What was once the longest word in the German language, a tongue consisting of many ridiculously lengthy words, is no more.
The term rindfleischetikettierungsüberwachungsaufgabenübertragungsgesetz — that's 63 letters long for those of you keeping track at home — means "the law for the delegation of monitoring beef labeling." A regional parliament recently repealed the legislative measure, which was established in 1999, rendering the word obsolete. Because the mouthful of a word is legal jargon, it remained outside the Duden German dictionary during its existence and it is unlikely the average German ever encountered it. (For those curious how in the world you might pronounce the word, check out this recording.)
Compound words exist in many languages, but German's grammar construction in particular lends itself to easily tacking on parts to make single words stretch across a page. As a result, the language is rife with lanky terms. As Mark Twain put it, "Some German words are so long that they have perspective."
What follows are 10 of our favorite seemingly-never-ending German words, which earn a spot on our list thanks to characteristics like technicality, definition, adaptation, or sheer perseverance in length. And to think we English language speakers consider it a feat to verbalize "antidisestablishmentarianism" without stumbling.
As David Sedaris noted in his New Yorker article about learning German, this word is most astutely described as another option for "partner" or "lover," but with a more transient twist: "the person I am with today." A more elegant, proper version of the term is lebensabschnittgefährter.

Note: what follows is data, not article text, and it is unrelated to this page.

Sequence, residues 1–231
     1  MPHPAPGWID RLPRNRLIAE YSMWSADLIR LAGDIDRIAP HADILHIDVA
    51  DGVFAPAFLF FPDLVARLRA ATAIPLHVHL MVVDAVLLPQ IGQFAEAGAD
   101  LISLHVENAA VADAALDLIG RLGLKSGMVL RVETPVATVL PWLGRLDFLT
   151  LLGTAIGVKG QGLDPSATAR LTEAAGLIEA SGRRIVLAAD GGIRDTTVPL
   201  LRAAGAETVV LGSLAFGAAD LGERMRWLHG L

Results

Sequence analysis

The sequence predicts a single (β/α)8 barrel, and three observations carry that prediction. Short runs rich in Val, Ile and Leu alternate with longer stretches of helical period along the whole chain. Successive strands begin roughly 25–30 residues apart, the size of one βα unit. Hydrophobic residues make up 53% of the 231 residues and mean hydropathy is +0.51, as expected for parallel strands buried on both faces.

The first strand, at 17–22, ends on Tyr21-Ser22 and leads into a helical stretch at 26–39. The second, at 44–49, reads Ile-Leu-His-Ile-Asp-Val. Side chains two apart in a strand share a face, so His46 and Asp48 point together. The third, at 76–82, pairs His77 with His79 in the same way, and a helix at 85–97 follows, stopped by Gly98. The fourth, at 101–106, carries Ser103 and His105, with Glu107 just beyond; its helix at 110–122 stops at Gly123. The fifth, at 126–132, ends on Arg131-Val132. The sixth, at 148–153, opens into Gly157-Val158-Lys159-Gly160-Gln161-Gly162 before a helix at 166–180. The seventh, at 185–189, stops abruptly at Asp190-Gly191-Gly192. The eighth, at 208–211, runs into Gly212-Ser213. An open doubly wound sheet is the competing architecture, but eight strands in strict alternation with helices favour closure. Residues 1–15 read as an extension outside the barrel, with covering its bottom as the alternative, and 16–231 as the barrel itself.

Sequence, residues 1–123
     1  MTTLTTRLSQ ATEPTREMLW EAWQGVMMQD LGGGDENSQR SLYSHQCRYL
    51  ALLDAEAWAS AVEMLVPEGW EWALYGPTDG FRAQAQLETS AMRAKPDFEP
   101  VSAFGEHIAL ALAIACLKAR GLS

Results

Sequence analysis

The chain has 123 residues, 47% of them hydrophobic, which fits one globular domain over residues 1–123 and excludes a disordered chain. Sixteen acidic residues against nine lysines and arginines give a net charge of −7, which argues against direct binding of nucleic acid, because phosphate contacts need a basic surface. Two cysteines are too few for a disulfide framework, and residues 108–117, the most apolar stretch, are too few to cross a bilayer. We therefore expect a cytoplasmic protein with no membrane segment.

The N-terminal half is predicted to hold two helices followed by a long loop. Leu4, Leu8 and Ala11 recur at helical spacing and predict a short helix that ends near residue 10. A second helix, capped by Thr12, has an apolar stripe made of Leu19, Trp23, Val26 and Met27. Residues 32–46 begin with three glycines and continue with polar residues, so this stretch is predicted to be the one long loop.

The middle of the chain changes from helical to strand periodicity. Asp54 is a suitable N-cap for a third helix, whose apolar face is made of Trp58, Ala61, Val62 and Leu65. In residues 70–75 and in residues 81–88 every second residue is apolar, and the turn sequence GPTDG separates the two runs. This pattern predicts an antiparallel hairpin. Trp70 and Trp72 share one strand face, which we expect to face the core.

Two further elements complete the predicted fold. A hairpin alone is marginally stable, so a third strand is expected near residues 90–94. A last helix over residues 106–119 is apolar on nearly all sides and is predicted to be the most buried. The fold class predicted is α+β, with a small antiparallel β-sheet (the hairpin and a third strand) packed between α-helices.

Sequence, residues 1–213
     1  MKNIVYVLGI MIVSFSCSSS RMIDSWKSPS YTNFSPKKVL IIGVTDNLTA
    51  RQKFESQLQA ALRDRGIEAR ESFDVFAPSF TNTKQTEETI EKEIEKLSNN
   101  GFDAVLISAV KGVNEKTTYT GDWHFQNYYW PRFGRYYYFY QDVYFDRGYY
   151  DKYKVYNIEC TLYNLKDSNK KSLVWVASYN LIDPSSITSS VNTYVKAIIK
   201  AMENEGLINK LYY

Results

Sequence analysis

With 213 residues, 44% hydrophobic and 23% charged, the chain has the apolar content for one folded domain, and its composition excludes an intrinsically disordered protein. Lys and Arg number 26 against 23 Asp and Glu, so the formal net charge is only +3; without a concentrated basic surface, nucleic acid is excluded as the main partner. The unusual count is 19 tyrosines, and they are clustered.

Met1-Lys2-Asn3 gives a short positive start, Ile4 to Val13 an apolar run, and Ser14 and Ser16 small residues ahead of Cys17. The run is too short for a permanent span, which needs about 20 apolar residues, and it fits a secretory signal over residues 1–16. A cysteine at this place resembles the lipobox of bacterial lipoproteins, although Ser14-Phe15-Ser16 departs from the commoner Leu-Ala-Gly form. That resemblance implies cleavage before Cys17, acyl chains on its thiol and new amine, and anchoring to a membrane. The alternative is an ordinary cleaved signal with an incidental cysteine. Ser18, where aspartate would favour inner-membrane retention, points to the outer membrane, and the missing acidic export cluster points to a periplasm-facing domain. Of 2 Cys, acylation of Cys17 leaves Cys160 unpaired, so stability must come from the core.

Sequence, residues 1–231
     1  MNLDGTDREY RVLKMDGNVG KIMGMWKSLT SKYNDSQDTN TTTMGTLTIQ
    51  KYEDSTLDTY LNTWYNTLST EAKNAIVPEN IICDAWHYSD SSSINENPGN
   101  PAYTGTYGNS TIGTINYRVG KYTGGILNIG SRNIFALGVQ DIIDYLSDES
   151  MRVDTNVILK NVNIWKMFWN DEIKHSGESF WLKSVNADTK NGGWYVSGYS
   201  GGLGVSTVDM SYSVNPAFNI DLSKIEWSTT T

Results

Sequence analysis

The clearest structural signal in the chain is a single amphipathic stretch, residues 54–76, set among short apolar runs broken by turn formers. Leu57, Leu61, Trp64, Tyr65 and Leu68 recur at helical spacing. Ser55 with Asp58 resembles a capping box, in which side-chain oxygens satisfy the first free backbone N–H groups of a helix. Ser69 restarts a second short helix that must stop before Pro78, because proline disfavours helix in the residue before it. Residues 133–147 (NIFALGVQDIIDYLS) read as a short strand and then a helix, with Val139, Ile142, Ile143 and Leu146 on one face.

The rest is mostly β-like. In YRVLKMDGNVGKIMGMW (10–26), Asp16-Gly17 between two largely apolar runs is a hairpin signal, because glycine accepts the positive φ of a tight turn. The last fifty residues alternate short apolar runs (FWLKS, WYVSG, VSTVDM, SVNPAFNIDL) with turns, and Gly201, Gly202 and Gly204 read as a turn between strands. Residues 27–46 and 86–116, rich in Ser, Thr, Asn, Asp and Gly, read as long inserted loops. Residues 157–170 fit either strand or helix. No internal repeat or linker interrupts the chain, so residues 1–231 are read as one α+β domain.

Twain's frustrations with learning German are well documented in his book A Tramp Abroad. This term he notes as meaning "independencedeclarations" (sic), which is perhaps a parchment-saving way our own Declaration of Independence could have been titled.
Here's one that even an English speaker might be able to break down, beginning with "freund," which means "friend." Twain also took umbrage at this "clumsy" term despite its sunny meaning: "demonstrations of friendship."
The Guinness Book of World Records recognizes this cumbersome word as the longest German word in everyday use. It means "insurance companies providing legal protection."
Those getting started in insurance must have to practice their pronunciations outside the office, because the longest word listed in the Duden German dictionary also belongs to the industry. It means "motor vehicle liability insurance."
This word continues the theme of transportation, and is four words pieced neatly together to say "Danube steamship company captain," which it seems we cannot handle all at once in English.
In German, numbers also receive the compound word treatment. This is the integer 7,254, which takes 38 letters to spell out.
Leave it to bureaucracy to produce even more clunky words. This one, which could take its place in a Mary Poppins song much like "supercalifragilisticexpialidocious," equates to "head district chimney sweep."
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